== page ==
Posted by Sara Zucker on December 10, 2009 02:27 PM
In an attempt to extend their reach during the holiday season, many brands have created holiday pop-up shops -- eBay and Wired, for example.
And now, JetBlue. Sort of.
The brand has been relatively quiet since their partnership with Lufthansa, but the reality of a down economy and the looming holiday travel season have compelled the budget airline to take a more aggressive -- and humorous -- approach to reaching customers.
The JetBlue pop-up store features the brand's new "Flyer's Collection," which is comprised of an inane array of products and gadgets that are not for sale but do serve the valuable purpose of highlighting the amenities JetBlue offers flyers.Continue reading...
Posted by Peter Feld on October 19, 2009 08:29 AM
Falling dollar helps US exports. [NY Times]
UK considers windfall tax on banks that received aid. [Guardian]
Apple's earnings soar despite recession. [WSJ]
Threatened by Google, Microsoft prepares to launch Windows 7. [FT]
But in China, where software pirates romp, Windows 7 is widely bootlegged. [NY Times]
Lack of a smartphone hobbles Nokia's efforts to battle back in US. [NY Times]
US luxury sector still soft, dropping 8%, recovery awaits 2011. [WSJ]
Twitter helps The Guardian beat gag order about lethal Trafigura waste dump. [NY Times]
Location-based mobile social network Foursquare connects users in real life. [NY Times]
(More headlines: Aid threatens GM and Citi, Lufthansa brings back WiFi.)Continue reading...
when brands collide
Posted by Barry Silverstein on August 31, 2009 11:43 AM
It's not the first, and it won't be the last time we’ll see airlines joining forces in an effort to broaden their reach. These days, it's an economic necessity. But today's news reveals an unusual pairing of airline brands: The somewhat staid and formal German-owned Lufthansa is forming a "ticketing partnership" with the U.S. upstart known for low fares, JetBlue. Lufthansa gains wider access to U.S. and Caribbean destinations, while JetBlue enters the European market for the first time.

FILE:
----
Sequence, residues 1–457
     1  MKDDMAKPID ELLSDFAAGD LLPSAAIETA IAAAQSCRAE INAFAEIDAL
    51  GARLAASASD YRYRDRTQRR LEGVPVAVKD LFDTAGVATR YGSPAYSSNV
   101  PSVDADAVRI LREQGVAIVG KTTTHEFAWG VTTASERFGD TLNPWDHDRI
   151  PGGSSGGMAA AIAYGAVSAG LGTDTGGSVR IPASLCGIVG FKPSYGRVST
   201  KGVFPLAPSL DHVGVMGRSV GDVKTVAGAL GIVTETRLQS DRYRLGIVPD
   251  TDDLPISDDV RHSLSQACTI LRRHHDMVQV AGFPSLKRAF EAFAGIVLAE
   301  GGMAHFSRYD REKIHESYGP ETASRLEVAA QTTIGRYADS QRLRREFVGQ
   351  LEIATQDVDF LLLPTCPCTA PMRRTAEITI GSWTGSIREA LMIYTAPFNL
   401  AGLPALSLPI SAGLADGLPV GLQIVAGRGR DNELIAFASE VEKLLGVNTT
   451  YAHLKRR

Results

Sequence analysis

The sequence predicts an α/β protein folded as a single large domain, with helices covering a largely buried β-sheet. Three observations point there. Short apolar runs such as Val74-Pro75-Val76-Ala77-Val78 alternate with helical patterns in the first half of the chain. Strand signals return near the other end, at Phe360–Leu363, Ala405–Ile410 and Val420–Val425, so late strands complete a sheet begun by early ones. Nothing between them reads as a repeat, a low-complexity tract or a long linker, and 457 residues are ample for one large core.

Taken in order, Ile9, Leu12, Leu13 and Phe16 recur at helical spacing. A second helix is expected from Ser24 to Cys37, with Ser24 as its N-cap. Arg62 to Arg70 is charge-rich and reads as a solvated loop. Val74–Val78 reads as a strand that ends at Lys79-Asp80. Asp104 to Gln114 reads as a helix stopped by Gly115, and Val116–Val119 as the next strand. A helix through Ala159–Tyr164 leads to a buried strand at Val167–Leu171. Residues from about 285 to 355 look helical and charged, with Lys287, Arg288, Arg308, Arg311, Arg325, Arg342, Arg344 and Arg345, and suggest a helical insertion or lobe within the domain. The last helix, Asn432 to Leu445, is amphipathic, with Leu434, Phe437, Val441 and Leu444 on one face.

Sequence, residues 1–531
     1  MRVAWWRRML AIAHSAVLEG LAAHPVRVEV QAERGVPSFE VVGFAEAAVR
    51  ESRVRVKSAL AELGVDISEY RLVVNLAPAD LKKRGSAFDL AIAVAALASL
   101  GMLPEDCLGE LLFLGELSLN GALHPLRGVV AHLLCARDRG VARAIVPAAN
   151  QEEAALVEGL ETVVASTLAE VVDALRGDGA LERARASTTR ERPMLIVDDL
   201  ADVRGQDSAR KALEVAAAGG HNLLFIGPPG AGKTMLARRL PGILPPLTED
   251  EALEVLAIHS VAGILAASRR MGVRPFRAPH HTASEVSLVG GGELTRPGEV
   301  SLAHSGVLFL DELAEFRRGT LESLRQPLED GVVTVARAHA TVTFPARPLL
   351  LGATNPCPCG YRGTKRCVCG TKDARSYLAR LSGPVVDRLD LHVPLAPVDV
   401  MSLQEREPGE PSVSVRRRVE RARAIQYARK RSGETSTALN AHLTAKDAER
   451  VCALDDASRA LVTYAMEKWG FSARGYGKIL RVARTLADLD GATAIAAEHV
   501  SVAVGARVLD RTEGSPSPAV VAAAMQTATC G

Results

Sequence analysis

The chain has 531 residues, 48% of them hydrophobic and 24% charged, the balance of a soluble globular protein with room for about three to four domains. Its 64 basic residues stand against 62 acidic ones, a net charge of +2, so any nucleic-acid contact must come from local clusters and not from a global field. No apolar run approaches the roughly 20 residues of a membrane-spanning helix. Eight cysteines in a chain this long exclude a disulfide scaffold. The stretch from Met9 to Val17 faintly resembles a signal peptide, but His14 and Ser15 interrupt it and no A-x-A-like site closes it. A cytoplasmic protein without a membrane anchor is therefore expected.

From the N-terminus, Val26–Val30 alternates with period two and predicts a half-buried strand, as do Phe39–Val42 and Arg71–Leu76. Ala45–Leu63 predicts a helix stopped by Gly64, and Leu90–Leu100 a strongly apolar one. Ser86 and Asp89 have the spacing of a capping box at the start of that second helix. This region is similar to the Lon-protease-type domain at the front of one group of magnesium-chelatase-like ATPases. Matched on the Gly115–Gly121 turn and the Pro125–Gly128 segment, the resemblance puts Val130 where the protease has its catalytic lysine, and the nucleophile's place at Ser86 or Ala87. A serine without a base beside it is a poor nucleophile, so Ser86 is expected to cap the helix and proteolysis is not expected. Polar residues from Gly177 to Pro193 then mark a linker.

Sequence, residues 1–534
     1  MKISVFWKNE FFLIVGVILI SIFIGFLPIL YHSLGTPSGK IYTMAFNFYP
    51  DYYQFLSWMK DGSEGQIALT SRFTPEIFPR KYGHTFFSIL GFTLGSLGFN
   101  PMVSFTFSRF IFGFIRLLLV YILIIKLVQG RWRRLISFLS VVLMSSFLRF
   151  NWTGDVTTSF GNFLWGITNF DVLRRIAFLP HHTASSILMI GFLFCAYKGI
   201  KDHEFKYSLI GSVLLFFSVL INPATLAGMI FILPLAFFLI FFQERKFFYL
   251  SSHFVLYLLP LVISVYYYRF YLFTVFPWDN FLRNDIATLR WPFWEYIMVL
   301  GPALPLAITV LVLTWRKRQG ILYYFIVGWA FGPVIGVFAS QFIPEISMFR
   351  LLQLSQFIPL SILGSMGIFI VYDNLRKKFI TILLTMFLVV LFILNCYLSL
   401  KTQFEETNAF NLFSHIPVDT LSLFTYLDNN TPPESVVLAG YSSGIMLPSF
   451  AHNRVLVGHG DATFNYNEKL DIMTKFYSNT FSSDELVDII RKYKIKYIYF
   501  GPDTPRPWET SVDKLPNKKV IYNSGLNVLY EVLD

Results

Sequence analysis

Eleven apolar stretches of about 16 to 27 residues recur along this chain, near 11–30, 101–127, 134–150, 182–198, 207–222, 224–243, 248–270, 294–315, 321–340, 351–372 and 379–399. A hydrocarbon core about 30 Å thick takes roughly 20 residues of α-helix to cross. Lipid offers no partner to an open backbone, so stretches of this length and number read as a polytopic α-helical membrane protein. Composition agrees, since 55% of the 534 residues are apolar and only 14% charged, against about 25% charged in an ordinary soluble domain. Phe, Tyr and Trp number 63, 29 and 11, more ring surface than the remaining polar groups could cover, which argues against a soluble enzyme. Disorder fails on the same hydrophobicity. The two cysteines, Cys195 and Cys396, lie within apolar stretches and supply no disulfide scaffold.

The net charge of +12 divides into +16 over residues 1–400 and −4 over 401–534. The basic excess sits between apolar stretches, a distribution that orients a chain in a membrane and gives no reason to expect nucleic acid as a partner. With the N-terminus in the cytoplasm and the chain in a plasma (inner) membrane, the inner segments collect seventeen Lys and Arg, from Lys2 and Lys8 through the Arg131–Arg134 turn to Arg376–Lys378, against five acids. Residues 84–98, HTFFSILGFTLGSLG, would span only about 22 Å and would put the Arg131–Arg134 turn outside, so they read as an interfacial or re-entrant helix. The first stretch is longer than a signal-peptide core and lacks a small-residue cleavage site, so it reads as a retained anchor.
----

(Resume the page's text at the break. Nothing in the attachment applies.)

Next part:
The deal goes even further: Lufthansa has purchased 19% of JetBlue. A Lufthansa spokesman claims the airlines are "evaluating the possibility of a customer-oriented cooperation." Yet these two airlines couldn't feel more different: The Lufthansa brand persona ("There’s no better way to fly") seems the antithesis of JetBlue ("Happy Jetting"). Imagine, if you will, a Lufthansa passenger transferring to a JetBlue flight, or vice versa. Will cultures clash – or will the airlines find a way to put the flying public on common ground?
Posted by Peter Feld on August 31, 2009 03:54 AM
Lufthansa and JetBlue plan a code-share partnership to "help ease passenger concerns that switching carriers during a transcontinental journey would inevitably lead to missed connections and lost luggage." [FT]
Tech drama: Microsoft recruits top Yahoo! engineer to help its efforts to take on Google [NYT], though Bing's rise is leading companies to think beyond Google for SEO [Ad Age]. Microsoft fights Apple with a new ad campaign [NYT] while facing a technological threat from virtual machine software leader VMware [NYT].
Cell-phone manufacturers challenge iPhone's share of the British market with touch-screen Android technology. [Guardian]
Print media: Hachette's chief warns that Amazon and Google may kill the hardcover book [FT]; but some see signs of hope in second-quarter newspaper profits, boosted by cost-cutting and a stronger ad market. [LA Times]
(More headlines: Harley-Davidson in India, GM in China, Whole Foods and Fox boycotts.) Continue reading...